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The romance lingers on...

After nearly 50 films and a lifetime achievement award, Sharmila Tagore's fascination for cinema continues, discovers KAUSALYA SANTHANAM in a chat with the star.



Pataudi and Sharmila ... the couple with an unmatched aura.

SHE IS an icon who spells class and ageless charm. Perfectly groomed, Sharmila Tagore is the gracious begum, the actress who has made a success of her life and career. The magic of the Tagore name and the Pataudi charisma make for an unbeatable combination. The cricket star and the enduring player on celluloid have an aura unmatched perhaps by any other couple in the country today.

She makes an impression on you much before the interview. You ring her up at Kolkata where she has gone to attend a wedding and you are charmed by the easy way she fits you into her schedule, though she has a number of interviews lined up.

The slim figure in a red Bandhini sari who emerges from the Pataudi bungalow at Delhi, is still very much like the dimpled, bouffant beauty who floored fans in the 1960s and 1970s. Time seems to have waved a magic wand for the Tagore.

As she takes a chair on the emerald manicured lawns, a succession of images comes before your eyes. Through three decades, the star has appeared in a stunning variety of roles, emotional, glamorous and moving: the gentle young "Devi" who is literally worshipped as a Goddess, the shikara-rowing flower girl of "Kashmir Ki Kali," the innocent Anupama spurned by her father as his beloved wife dies on giving birth to her, the cabaret dancer in a bikini who made audiences swoon in "An Evening in Paris," the unwed mother in "Aradhana," the eloquent-eyed courtesan in "Amar Prem," the swearing, smoking prostitute of "Mausam," the anguished heroine of "Safar"...

Fifty films, a lifetime achievement award and Sharmila's romance with the camera continues. On a cool spring morning, she talks at length about her life as an actress, her roles as wife and mother, the Hindi film industry and of her beloved Bengal.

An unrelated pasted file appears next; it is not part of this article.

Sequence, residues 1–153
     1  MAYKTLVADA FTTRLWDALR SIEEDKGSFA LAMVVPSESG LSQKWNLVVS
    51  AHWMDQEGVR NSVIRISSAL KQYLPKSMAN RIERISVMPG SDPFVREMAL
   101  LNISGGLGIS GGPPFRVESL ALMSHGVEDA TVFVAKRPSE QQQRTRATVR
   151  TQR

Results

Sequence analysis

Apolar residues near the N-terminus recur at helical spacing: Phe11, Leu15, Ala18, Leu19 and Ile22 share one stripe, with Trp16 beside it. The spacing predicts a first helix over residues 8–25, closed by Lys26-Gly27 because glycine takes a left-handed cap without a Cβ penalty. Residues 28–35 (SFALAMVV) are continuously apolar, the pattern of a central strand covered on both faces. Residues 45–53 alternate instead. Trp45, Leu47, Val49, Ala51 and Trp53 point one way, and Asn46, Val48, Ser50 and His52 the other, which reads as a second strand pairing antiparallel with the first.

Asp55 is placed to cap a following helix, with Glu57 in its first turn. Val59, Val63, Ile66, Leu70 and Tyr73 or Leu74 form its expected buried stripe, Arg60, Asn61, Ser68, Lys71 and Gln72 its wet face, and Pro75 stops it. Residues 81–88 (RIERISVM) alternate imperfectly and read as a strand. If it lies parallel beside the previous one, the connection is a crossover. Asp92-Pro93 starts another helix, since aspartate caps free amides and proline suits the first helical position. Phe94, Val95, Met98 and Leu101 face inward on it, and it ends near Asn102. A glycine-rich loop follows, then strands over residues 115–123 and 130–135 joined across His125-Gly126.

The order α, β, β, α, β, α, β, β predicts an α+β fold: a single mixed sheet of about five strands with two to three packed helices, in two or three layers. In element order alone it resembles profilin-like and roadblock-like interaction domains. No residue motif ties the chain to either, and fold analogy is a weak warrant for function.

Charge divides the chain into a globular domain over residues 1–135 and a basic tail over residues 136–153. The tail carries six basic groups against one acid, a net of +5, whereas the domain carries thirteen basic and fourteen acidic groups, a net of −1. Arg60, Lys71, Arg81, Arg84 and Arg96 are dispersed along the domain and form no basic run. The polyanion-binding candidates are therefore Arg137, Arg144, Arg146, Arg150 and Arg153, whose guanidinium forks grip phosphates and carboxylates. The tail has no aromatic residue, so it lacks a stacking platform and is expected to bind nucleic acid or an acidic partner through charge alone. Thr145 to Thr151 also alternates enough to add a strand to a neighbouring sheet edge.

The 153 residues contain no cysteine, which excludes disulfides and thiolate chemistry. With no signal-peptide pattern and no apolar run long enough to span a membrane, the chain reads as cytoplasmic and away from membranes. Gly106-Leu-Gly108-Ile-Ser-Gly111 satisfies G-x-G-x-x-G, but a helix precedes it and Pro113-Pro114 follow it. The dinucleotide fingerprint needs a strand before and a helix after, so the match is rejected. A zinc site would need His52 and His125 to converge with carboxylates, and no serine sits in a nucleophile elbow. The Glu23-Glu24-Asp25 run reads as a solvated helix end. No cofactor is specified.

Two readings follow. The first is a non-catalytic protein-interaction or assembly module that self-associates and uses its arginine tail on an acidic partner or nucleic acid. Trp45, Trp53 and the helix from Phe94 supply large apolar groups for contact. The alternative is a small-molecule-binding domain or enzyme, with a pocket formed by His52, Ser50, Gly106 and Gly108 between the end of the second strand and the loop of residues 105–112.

She has just finished two films `back to back.' One of these is by Rituparno Ghosh, who has created quite a sensation by casting Sharmila and Raakhee together in his latest film, "Shubho Muhurat," based on an Agatha Christie novel. Sharmila plays a retired actress while Rakhee is a detective. The two veterans have been cast in the same movie after 30 years.

The other Bengali film by Goutam Ghosh, "Abar Aranye" is a sequel to Satyajit Ray's "Aranyer Din Ratri." Ray's masterpiece narrated the story of four young men from Kolkata who spend time in an empty bungalow in the forest and gain hugely by their experience and interaction with the villagers.

Has the director kept up the continuity of vision?

``Absolutely,'' she tells you. ``Thirty years later, the couples return to the forest with their grown up children and the film is woven around what happens then.'' Tabu plays the role of Sharmila's daughter.

``Bengal has so much talent," she enthuses. ``Apart from the Ghoshs, there is Mrinal Sen, Buddhadeb Das Gupta, Aparna Sen. I am a great fan of Aparna. Bengali audiences still like to watch serious films while the viewers of Hindi movies mainly want to see stars and good locations. The mindset in Hindi films is neither Western nor Eastern, it is of a heroine in a mini skirt who does puja. The movies endorse a glitzy lifestyle. In the past, there were sensitive romances in Hindi cinema. Indian films have always borrowed from folk tales. But now the simplicities are disappearing, for instance, a little birdcall. Everything is so stated. There is no life for actresses past 30 in commercial films. When you have gained a certain maturity and have something to say, people don't want to see you anymore. In parallel films, however, your longevity increases. There is no longer any place for beauty which is not the model kind of beauty in the mainstream Hindi cinema.''

Does she find the heroines stereotypical then?

``No, not at all. Preity Zinta is different from Aishwarya Rai and so are the others. They too want to do good films, which is why Aishwarya has gone to Bengal and Tabu likes to act in serious films. But they have to keep up the glamour image and money is important too.'' Aishwarya is shooting for Rituparno Ghosh's "Choker Bali."

There was magic in the pairing of Sharmila Tagore and Rajesh Khanna. "Aradhana" was such a spectacular success and audiences never tired of seeing them together in film after film.

``We clicked together,'' she smiles. ``Those were the days of star pairs. Many others were also very popular, Nargis-Raj Kapoor, Hema Malini-Dharmendra to name just a couple of them. Producers loved to cast them together. You can't explain why a particular pair captured the imagination of the audience. Now the audience has become canny. They are not so impressed because they know it is not real. Producers, too don't encourage it any more,'' she laughs.